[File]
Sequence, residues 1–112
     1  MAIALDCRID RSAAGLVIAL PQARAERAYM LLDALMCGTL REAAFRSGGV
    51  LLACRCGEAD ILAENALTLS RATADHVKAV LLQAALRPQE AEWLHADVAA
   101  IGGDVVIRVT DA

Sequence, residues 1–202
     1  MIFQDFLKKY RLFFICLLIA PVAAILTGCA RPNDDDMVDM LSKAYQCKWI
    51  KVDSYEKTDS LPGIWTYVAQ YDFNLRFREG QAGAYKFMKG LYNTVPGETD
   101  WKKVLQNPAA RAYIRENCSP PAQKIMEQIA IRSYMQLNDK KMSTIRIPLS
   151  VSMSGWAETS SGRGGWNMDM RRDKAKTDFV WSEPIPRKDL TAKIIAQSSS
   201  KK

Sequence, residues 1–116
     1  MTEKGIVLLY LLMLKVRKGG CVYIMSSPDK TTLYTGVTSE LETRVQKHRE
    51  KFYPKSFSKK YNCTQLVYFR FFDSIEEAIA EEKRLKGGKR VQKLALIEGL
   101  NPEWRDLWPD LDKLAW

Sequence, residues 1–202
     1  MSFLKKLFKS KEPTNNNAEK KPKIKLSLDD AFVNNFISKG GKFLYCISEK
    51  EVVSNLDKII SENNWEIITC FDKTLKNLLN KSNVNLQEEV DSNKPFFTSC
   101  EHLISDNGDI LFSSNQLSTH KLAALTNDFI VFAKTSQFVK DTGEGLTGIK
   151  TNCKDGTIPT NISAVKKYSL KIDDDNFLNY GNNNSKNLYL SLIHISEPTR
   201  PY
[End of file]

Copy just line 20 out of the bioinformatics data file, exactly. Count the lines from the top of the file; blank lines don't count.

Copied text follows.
   201  PY